Olmsted County residents won’t be fully vaccinated for another five months at the current distribution rate, which has been approximately 7,000 doses a week since the year started.
“I’m hoping to see the vaccine allocation increasing in the near future,” Graham Briggs, Olmsted County’s public health director, told county commissioners Tuesday.
Approximately 12% of county residents have been vaccinated in recent weeks, which have focused on essential health care staff and long-term care facilities.
The county has 18,330 people who have received at least one dose of vaccine, with 2,770 who have received both doses, according to the Minnesota Department of Health website.
“It’s starting to be a really significant number,” Briggs said, adding that an increase to 20,000 doses a week could mean full vaccination in the county within two months.
The hopeful eye toward a potential increase in distribution comes as new COVID cases in Olmsted County continue to trend downward following a November peak and a post-holiday bump.
The county topped 10,000 confirmed cases last week, reaching a reported 10,484 on Tuesday. That means approximately 6.6% of the population has had a confirmed case of the virus, which remains lower than the 7.9% state rate.
On Tuesday, 393 active cases were reported in the county, with the COVID-related death toll reaching 75.
Twenty-six county residents remained in the hospital with COVID on Tuesday, with eight requiring intensive-care beds.
Briggs said the numbers point to the importance of continuing to watch vaccination efforts.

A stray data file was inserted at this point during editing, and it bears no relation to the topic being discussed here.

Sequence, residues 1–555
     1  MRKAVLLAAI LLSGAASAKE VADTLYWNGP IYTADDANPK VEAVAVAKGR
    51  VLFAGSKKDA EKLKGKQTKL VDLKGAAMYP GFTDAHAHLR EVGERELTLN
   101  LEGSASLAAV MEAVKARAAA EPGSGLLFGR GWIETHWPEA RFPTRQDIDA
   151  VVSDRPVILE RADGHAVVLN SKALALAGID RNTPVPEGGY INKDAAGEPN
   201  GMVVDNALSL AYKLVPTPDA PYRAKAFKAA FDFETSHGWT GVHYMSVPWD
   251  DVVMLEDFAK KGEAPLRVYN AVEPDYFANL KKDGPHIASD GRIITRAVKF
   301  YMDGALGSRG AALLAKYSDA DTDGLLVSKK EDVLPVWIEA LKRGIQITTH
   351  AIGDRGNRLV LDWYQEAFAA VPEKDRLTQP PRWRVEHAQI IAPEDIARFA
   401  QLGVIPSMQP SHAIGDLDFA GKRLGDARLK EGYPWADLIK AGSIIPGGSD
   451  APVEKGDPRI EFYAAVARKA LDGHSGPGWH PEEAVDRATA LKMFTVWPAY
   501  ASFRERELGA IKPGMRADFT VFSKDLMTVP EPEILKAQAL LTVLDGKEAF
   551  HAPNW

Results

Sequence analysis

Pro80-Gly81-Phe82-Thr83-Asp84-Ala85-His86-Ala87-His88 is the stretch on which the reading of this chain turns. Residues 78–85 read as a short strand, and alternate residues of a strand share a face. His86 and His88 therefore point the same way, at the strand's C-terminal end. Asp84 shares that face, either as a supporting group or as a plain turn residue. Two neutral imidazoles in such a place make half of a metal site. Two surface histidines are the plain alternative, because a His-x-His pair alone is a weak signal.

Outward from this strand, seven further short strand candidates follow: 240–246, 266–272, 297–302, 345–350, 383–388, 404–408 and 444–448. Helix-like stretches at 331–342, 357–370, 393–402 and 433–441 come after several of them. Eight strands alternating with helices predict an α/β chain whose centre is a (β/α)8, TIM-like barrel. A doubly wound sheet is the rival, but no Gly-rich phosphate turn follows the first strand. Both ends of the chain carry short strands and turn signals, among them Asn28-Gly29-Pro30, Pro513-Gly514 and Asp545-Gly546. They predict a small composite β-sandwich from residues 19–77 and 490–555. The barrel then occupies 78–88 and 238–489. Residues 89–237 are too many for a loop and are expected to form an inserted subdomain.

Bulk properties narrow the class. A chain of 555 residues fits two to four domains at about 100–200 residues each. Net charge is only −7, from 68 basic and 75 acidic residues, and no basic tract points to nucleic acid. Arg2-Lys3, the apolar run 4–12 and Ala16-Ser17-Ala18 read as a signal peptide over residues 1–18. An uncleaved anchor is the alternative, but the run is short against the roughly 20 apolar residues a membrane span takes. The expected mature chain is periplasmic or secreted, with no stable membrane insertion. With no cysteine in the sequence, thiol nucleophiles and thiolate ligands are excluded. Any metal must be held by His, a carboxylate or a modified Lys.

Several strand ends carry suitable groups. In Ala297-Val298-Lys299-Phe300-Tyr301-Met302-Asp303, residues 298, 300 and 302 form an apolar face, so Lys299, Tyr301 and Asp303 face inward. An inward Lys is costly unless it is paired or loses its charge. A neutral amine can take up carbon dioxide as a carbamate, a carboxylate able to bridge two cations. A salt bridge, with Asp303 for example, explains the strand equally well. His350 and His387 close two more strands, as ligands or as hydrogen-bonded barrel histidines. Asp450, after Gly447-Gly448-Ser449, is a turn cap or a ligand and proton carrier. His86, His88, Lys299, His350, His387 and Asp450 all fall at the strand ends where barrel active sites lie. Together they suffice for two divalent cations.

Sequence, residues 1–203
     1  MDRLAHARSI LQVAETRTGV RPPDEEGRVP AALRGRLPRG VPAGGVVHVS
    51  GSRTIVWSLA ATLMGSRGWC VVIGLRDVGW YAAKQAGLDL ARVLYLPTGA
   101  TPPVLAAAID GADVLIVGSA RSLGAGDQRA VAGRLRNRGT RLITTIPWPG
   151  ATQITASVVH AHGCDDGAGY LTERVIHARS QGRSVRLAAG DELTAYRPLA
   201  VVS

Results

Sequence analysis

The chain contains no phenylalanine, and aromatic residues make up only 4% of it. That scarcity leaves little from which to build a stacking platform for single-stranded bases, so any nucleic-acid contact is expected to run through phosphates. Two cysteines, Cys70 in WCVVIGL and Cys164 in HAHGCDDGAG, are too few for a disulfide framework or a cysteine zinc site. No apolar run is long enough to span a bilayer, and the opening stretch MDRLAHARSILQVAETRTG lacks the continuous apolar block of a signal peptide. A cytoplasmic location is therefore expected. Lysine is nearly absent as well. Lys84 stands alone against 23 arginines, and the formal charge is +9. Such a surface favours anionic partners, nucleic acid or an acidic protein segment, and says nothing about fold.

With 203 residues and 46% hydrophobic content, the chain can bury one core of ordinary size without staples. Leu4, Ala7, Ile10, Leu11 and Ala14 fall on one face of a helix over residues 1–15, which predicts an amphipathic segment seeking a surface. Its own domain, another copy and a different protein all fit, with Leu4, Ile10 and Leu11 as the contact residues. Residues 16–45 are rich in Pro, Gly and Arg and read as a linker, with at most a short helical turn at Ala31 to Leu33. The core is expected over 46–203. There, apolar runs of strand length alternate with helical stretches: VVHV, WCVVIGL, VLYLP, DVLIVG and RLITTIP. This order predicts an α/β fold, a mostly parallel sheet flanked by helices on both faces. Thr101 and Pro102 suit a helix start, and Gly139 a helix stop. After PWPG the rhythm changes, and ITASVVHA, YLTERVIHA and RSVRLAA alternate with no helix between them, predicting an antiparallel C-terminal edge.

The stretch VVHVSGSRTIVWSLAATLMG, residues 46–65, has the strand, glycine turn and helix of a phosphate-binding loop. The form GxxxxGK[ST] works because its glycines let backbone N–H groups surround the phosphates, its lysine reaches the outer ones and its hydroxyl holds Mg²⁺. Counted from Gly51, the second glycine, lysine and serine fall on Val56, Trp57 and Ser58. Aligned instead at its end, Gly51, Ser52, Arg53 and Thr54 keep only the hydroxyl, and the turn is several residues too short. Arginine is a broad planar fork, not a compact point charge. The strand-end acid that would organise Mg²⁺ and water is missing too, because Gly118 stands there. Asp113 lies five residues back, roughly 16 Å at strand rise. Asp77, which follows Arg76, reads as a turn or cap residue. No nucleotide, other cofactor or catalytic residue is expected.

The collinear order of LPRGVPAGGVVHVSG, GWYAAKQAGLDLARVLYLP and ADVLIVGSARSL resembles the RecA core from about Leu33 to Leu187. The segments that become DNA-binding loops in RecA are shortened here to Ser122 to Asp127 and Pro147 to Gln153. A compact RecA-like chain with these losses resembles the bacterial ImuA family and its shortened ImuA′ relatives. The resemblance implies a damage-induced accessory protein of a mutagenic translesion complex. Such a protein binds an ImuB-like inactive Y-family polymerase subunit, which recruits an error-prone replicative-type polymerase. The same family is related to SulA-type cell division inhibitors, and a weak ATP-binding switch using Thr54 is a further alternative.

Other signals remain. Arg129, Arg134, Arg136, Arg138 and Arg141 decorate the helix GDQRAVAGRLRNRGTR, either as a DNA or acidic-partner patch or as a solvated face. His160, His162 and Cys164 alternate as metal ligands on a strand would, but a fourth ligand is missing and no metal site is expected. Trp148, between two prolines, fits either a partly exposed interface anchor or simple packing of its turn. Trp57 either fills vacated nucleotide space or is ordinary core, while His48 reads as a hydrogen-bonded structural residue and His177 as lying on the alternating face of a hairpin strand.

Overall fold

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He said the top priority group should be wrapped up in the county this week, as the state turns its focus to the second tier, which includes health care workers with direct patient contact at medical facilities and people in assisted living.
After that, Briggs said county staff will likely be more involved with reaching out to the third tier, including dentists, school nurses and home health workers.
He said vaccines could start to reach the third group within two weeks, taking another two weeks to offer a first dose to the estimated 3,500 residents.
Briggs said the state effort to use Rochester for one of nine pilot programs to test options for mass vaccinations is likely to bolster the number of residents being vaccinated, but the distribution remains limited to available doses.
County commissioners said that means much of the distribution remains out of county control.
“I’m asking for people to be patient,” Commissioner Gregg Wright said.